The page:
Q: The conservancy board typically goes along with your recommendations, but in this case they rejected the Soka compromise. Why did this happen, and what was your reaction?
A: My reaction is, they’re the boss. The explanation is that every single elected official--congressman, supervisor, assemblyman, senator, local city council--stood up or their representatives stood up at the hearing and said, “Don’t settle.” In the end, a public body like the conservancy has to be responsive to the elected officials.
Q: Wouldn’t a university in the heart of the National Recreation Area severely compromise the park? And if the park is to be compromised as a result of local development decisions, shouldn’t it also be a strictly local responsibility? Should federal taxpayers be asked to continue funding it, if local authorities lack the will to restrain development?
A: I’m not disputing the fact that a university in the heart of the Santa Monica Mountains is a bad thing. The question is, given the allocation of resources, how expensive should it be and how do you answer what to me is the worst-case outcome, which would be a much smaller university, cut down to the point where they could still get three votes from the supervisors, but there wouldn’t be public benefit because the university would be using the nicest part of the property. Now that to me is the worst case because you still have impacts associated with the university; you don’t have equivalent public benefits, and you still have the potential for the university at some future time expanding.
Q: The conservancy is facing lean times and has had to reduce its administrative staff. Yet the agency is expanding beyond the Santa Monicas and Rim of the Valley into park and greenbelt projects in such places as Whittier Narrows and along the Los Angeles River. Why is your sphere growing when you’ve had to cut back staff and programs? How can you expand without diluting your efforts in the Santa Monicas and Rim of the Valley?
A: Unbeknownst to many people, since 1982 the conservancy has had an obligation to provide trail access in the recreational corridor between El Pueblo (de Los Angeles State Historic Park) and Griffith Park, and the L. A. River is virtually the only feasible trail corridor. The important thing is that we used funds that were not otherwise usable in the core areas of the mountains and that were specifically set aside for the L. A. River.
There has always been pressure, especially from minority legislators, to have us do projects in their area, because they see us doing projects. I mean, we are probably the most proactive park agency around.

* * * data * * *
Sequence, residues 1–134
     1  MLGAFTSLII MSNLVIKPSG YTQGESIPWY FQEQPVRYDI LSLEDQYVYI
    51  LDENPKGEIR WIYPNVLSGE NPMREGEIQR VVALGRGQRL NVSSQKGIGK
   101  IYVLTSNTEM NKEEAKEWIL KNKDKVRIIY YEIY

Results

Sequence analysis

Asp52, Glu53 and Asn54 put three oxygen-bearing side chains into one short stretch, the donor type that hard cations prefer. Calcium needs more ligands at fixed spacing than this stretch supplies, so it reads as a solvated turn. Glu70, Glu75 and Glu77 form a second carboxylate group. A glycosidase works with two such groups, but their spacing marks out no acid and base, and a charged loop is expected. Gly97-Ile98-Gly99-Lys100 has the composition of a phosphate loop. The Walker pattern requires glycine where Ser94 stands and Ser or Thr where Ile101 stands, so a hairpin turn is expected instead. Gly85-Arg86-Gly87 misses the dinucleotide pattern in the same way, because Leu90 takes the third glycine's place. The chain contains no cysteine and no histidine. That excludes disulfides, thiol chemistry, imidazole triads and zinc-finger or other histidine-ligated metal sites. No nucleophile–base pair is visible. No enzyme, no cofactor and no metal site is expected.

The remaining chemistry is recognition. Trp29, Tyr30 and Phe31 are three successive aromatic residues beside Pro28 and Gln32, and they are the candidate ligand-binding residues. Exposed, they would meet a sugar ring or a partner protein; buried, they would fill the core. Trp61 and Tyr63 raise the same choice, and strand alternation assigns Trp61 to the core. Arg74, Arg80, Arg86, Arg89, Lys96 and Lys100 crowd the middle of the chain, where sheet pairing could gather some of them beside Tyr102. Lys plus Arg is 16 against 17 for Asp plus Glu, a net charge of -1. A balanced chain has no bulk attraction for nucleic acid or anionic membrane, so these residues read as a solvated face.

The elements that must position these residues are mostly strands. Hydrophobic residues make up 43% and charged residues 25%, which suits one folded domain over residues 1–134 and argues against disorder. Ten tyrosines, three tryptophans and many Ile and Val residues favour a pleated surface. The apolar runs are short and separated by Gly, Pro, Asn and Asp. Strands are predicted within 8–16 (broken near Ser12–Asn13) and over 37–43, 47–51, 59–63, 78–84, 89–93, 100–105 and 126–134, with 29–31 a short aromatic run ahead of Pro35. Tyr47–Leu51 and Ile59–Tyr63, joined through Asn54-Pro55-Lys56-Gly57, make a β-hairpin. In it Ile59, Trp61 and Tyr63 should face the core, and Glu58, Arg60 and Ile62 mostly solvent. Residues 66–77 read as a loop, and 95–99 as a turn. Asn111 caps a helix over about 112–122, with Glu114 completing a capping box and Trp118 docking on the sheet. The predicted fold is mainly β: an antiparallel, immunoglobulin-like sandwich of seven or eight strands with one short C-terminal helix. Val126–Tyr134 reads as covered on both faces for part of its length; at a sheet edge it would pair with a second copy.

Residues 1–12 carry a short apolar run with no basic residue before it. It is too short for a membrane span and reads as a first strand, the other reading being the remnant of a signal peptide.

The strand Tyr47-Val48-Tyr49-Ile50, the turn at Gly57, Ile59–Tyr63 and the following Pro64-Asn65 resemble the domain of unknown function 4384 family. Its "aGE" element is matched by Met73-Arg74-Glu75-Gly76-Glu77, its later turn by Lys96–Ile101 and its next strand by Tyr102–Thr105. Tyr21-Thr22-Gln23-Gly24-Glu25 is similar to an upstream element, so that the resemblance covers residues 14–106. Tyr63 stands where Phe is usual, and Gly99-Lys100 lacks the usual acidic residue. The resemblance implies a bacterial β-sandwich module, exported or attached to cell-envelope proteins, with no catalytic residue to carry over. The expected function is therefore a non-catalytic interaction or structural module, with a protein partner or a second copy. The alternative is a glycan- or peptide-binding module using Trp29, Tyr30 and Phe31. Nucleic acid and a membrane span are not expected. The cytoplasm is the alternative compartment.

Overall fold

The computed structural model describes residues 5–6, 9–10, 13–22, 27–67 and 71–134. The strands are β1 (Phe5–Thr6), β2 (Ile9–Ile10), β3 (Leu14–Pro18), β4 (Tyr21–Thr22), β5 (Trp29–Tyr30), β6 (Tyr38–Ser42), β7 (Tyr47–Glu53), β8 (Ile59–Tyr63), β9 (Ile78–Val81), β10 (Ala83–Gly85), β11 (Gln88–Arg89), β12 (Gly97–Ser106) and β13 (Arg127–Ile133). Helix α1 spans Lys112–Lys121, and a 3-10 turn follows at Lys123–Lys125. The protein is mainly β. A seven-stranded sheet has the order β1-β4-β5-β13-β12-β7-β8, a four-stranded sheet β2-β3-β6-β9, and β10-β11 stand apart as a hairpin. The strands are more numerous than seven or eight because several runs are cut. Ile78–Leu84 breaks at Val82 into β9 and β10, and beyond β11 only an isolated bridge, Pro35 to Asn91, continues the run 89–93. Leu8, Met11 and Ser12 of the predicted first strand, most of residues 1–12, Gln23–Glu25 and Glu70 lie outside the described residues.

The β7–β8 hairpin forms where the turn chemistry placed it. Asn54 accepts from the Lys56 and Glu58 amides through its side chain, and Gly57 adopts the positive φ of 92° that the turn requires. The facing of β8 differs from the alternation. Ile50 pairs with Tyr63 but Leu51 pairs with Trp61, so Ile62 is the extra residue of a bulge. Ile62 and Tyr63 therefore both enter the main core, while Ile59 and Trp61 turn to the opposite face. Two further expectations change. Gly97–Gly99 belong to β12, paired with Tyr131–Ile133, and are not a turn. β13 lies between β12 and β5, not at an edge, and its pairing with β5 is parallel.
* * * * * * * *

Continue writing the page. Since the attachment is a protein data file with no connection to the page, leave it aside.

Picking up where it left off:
Now, we didn’t have a funding source prior to Proposition A, the county parks initiative approved in 1992. The only funding we had was funding we could have used in the heart of the mountains. But Prop. A had separate money specifically set aside for the Los Angeles River, so we were able to use that to a purpose that has been in our statute since 1982.
That same funding source that talks about projects along the Los Angeles River also involves the Rio Hondo (at Whittier Narrows). It is in Prop. A and has nothing to do with the amounts available to the mountains.
This goes to the very core of the compact that we, as a park agency that is physically situated in a rather affluent area, have to deal with. The Santa Monica Mountains are one of the most affluent areas of Southern California. Other legislators and other people throughout the metro area say, “These guys are doing parks, they are being very active, they’re spending a lot of money on parks and it happens to be close to Brentwood, close to Encino, close to Beverly Hills, close to Malibu--all high income areas. Let . . . the conservancy do things in our area as well.” And we have always said, “Only if additional funding comes to get it done so we’re not in a position to take away resources from the Santa Monica Mountains proper.” And that’s what happened in the debates over Proposition A.
What we have seen is the more you spread the word, the more people understand the benefits that can be achieved in their community by having a larger total pot for parks. And I firmly believe the solution for the problem of parks and open space is not a fight over allocating a small pie. It is getting a larger pie--a larger share of the public fiscal resources.
Q: Over the years, the conservancy has been praised and damned for its freewheeling style. Some environmentalists have become strongly critical of the conservancy and you personally, claiming you are too tolerant of development and more absorbed with deal - making than conservation goals. Why do you think you face these attacks, and how do you respond to them?
A: First of all, we’re in this for the long haul, and I look at some of the people who are on the sidelines and in the bleachers criticizing us literally as the fans in a baseball game. There’s nothing less important than the individual performance in one inning.
What’s important is the overall batting average and contribution to the team. If the team does well, all of those things become irrelevant. Likewise, the test is going to be in 10 or 20 years when someone does a retrospective on what happened in the Santa Monica Mountains. They will either say thousands of acres got acquired, and the vast majority of the land was saved, or they will say when the going got rough and the dollars became scarce, instead of appealing to a broader constituency, the friends of the mountains began to squabble among themselves and eat themselves up. And to those who say you’re wrong to settle in some cases for 70% rather than going for 100%, I say history will look back and say they were damned lucky to get that 70%.